the rider my husband and son use..i don't..is a side discharge or bagger..guess it might be able to be set up for mulching too..don't know..but right now they are using the side discharge..

    it is ok for what it does..usually not our lawn but our field areas get mowed with that one..or the more remote areas that we might mow..

    if i had my choice i would have mulching..it works well for me....and we have about 3 or 4 acres of mowed lawn or field as well..and my son has a radio control dirt track..which he mows around out in his field..he uses the rider for that as it is not level..
     
    Jeremy Bunag
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    Jeremy Bunag wrote:

    Does it clean down to the metal?  Not with what I mow.  I think if you did polyp's (OK, maybe that's a bad abbrev...sorry) wood chip idea, that would make a nice blender that could loosen some of the harder stuff, but I think you might sacrafice blade sharpness a bit.

    I know that the chute has gotten crusty and then un-crustied by mowing the thick dry weeds.  I guess the worst hurt you could have mowing a vacant lot is getting some stowaways coming back to your lot!


    Well I used the ol' mower to obliterate some cardboard boxes for my compost a while back, and I was just taking off the deck for the season (so I can now handle snow) and was pleased with the lack of the typical buildup I saw on the underside!  "I gotta take pictures!"  Yeah, there's still some in a couple places, but boy was it easy to clean up this year.  And the normal grass pathway that usually has inches of buildup had none...woo hoo!  Took me wayyy less time to scrape away the remaining stuff...

    Here are a couple:

    IMG_3709 (Small).JPG
    [Thumbnail for IMG_3709 (Small).JPG]
    IMG_3716 (Small).JPG
    [Thumbnail for IMG_3716 (Small).JPG]
     
    William von Rentzell
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    The need or wish to side discharge grass clippings is something one should carefully consider when buying a mower. Most of the walk behind rotary mowers that are listed as 3 in 1 accomplish side discharge in the most efficient way, but not all. What is the most efficient way and why? First it is important to know how these mowers cut. Almost all cutting occurs as the blade passes across the front of the deck of the mower, with the clock face reference, from about 10 to 2 o'clock. The natural path of grass clippings off the rotating blade is away radially. That means that the easiest exit path for the clippings that imposes the least load on the blade and least likelihood of being smashed onto the underside of the deck is the one closest to the point at which the rotating blade cuts the clippings off of the grass plants. Approximately 2 o'clock is therefor the best place for the discharge port to be. Since all the rotary mowers I know about rotate the blade clockwise as viewed from above, that'd be on the right side of the mower deck. A mower designed to exclusively discharge through a dismountable chute in it's rear discharge port for rear bagging requires more energy to get the clippings to it and since those "chutes" all discharge to the left of the mower, the chutes themselves introduce mower loading additional resistance to the clippings / air flow the blade creates.. My Neuton CE-5 14" SLA battery pack powered mower is a great example. It is designed for rear bagging and mulching mode mowing but I bought a chute that inserts in place of the rear bag. It works fine for side discharge unless I let the grass get too long before mowing. Then it loads up converting function to mulching mode pretty quickly. A lot of the 3 in 1 cordless electrics now available have a spring loaded cover and a chute insert for a discharge port at ~ 2 o'clock. Their advantage is clear. Were I not in the midst of the patent process for an "improved rotary mower blade" design, testing of which my Neuton offers unparalleled ease of process, I would never have replaced my 13 y/o Neuton EM 4.1 14" SLA powered mower with it's current younger brother, my CE-5, last fall. Both the old and new 14" Neutons use the same battery pack, the newer versions of which are more easy to modify for in use power consumption testing. The objective of the "Improved Rotary Mower blade" is greater efficiency.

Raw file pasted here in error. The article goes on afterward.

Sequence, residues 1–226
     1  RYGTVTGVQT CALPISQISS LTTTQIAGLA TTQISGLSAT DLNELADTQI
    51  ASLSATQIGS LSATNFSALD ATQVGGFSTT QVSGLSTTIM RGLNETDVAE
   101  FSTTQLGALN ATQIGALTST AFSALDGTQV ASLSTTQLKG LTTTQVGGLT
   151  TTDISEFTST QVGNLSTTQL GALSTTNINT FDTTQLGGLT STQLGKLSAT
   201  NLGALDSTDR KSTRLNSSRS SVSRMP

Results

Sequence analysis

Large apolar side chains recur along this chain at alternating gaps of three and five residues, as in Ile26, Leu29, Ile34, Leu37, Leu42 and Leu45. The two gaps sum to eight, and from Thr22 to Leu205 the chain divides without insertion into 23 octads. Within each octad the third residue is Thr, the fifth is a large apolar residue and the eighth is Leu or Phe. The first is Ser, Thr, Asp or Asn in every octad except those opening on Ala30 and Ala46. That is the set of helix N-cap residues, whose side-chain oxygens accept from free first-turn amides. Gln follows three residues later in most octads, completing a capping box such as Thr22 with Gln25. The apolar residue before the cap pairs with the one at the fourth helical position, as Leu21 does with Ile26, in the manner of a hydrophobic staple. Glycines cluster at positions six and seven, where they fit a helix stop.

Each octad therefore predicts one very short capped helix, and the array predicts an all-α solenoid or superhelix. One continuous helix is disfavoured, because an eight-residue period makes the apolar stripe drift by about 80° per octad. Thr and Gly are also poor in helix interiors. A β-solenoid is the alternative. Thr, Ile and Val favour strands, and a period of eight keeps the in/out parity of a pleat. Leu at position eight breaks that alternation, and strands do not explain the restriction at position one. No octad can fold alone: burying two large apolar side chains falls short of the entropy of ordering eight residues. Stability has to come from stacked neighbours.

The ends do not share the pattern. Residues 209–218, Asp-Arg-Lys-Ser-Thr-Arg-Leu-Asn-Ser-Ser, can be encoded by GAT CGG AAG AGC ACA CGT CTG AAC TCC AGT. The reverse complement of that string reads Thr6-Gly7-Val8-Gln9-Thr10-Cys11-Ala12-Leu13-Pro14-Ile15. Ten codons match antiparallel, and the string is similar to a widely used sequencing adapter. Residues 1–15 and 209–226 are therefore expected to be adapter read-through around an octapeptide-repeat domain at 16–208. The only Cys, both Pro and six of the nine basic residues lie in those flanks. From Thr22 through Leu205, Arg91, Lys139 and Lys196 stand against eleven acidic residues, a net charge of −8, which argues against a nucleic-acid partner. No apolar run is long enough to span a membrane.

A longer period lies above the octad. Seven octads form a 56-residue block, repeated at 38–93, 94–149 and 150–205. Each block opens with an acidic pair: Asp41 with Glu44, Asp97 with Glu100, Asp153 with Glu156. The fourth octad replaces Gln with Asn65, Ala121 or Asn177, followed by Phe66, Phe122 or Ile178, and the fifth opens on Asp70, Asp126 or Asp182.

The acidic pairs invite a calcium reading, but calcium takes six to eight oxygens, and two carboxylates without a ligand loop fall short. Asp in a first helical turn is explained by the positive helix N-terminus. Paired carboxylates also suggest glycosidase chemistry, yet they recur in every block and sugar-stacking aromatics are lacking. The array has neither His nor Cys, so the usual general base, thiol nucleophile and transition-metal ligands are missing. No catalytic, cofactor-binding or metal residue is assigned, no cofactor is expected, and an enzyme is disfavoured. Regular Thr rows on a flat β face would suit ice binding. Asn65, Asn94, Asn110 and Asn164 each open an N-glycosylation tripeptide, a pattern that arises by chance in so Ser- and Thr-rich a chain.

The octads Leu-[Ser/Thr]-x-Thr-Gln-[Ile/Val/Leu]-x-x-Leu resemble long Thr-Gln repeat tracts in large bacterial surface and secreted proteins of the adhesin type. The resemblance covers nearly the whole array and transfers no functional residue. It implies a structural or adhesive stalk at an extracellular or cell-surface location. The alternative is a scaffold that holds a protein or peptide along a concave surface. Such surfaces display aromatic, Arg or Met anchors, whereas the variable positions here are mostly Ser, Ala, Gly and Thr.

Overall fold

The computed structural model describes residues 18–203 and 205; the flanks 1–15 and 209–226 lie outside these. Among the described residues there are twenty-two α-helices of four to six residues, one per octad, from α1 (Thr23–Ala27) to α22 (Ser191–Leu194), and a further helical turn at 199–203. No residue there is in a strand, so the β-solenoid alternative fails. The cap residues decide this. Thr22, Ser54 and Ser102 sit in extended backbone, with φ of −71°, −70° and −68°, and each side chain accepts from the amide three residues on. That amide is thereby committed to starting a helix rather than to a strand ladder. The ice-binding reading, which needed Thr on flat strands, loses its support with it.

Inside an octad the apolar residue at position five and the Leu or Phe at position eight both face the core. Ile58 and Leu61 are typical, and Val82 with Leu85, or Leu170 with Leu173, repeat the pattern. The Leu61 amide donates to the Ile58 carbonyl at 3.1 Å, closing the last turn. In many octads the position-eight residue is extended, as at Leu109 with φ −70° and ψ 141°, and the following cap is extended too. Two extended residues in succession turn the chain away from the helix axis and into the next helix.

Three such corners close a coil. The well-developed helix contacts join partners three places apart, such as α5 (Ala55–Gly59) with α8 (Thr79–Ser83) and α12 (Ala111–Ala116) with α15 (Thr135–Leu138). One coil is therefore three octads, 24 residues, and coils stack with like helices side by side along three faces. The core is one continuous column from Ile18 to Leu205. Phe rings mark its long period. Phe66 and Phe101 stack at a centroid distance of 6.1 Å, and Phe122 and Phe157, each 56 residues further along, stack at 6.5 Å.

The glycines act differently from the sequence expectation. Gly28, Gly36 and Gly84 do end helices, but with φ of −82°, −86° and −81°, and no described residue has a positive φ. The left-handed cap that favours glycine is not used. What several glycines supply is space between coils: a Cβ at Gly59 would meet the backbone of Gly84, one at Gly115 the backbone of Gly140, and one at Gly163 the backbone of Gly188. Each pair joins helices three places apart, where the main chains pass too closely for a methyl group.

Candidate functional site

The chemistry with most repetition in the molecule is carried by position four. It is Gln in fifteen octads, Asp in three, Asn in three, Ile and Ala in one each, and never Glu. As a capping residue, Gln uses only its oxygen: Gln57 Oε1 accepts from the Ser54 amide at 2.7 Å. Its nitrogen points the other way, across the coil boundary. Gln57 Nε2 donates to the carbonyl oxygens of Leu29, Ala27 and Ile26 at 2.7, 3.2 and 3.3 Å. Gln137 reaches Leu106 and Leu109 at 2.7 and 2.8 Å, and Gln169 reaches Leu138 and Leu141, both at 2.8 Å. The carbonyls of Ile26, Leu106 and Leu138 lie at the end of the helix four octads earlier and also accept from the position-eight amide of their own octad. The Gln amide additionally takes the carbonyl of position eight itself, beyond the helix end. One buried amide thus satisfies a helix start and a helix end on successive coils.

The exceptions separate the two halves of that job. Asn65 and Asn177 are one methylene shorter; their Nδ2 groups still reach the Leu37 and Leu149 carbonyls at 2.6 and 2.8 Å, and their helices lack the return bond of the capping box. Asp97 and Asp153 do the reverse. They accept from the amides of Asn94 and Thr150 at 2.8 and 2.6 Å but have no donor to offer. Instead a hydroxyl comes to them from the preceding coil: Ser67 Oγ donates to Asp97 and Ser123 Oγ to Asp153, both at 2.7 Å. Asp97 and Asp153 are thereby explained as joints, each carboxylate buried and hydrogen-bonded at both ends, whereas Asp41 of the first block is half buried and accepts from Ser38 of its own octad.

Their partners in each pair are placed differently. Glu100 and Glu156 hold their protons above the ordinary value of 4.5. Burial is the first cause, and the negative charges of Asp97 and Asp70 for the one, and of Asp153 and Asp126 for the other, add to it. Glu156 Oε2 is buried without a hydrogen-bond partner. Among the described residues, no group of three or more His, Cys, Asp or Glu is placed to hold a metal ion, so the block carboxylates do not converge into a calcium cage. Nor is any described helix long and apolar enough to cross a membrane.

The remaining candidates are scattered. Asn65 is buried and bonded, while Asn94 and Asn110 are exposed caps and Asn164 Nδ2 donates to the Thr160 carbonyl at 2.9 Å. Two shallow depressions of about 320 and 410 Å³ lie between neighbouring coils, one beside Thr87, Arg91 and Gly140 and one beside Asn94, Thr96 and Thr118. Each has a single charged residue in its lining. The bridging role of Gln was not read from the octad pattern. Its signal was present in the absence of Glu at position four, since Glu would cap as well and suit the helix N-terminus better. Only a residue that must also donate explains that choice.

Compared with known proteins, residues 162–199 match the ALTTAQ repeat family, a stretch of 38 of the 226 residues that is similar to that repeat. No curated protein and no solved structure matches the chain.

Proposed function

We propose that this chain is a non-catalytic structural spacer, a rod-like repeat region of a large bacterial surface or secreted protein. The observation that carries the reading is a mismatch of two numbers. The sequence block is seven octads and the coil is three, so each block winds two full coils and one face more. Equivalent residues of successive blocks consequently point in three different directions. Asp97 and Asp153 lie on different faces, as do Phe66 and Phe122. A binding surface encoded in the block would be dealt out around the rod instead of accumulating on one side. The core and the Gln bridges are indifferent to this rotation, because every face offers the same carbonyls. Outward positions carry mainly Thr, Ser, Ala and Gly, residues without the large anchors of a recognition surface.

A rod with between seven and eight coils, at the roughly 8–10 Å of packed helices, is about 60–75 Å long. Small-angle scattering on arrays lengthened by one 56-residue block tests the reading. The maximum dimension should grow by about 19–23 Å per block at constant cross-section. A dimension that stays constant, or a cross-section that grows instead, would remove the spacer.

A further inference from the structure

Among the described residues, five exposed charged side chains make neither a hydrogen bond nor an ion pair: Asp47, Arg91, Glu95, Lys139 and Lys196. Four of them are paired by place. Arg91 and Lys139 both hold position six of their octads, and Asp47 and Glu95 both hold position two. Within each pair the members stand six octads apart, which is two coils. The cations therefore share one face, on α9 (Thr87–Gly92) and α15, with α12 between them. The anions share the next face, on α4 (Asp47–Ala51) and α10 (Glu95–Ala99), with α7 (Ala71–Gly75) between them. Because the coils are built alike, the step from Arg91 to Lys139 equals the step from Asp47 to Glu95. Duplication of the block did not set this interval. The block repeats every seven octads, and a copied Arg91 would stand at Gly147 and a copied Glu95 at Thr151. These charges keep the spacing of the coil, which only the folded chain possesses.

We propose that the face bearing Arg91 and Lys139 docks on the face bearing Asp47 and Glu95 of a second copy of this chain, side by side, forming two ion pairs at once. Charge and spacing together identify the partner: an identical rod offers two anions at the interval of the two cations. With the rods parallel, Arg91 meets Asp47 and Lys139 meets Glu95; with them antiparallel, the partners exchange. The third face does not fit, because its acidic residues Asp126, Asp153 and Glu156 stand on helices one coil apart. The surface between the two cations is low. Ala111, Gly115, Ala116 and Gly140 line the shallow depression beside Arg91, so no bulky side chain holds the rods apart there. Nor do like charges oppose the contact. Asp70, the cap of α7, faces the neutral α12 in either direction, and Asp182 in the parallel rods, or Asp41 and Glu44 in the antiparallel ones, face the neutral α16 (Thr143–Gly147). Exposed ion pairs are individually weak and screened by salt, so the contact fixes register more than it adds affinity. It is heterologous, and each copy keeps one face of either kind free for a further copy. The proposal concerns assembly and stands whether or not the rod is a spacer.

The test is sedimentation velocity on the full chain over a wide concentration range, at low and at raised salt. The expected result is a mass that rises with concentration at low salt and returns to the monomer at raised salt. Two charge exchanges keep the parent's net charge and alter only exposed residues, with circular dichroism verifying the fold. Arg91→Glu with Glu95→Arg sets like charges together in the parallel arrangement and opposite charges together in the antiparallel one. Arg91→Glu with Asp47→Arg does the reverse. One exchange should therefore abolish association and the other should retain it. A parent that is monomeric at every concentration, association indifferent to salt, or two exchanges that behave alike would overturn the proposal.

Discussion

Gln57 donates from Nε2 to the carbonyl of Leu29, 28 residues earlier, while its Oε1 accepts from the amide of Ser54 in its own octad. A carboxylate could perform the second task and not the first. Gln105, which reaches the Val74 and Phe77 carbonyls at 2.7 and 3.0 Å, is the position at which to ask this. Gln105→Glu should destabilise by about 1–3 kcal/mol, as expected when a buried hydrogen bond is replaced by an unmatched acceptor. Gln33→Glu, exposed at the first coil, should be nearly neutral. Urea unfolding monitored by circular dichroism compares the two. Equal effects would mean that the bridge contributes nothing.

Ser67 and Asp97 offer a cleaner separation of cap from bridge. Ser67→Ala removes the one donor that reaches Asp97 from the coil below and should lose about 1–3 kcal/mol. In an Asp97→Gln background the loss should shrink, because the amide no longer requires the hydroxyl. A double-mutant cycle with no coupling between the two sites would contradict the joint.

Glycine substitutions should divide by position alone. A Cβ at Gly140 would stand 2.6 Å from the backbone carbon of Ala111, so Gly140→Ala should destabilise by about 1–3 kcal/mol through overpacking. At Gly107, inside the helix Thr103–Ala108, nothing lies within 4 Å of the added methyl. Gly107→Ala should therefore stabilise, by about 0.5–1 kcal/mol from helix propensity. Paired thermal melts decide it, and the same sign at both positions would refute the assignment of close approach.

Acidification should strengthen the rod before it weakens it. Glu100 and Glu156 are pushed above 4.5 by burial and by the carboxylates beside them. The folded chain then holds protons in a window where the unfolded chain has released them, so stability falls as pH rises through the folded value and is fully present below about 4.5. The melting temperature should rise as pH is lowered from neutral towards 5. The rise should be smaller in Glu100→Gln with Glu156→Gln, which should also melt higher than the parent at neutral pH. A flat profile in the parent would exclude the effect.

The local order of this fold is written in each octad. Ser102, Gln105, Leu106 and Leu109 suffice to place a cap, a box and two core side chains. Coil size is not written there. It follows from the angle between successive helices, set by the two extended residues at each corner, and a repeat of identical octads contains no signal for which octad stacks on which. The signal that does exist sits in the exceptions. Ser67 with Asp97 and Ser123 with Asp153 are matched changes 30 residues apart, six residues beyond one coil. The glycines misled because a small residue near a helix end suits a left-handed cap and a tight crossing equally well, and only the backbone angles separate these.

It's in the permaculture playing cards. Here's the link: http://richsoil.com/cards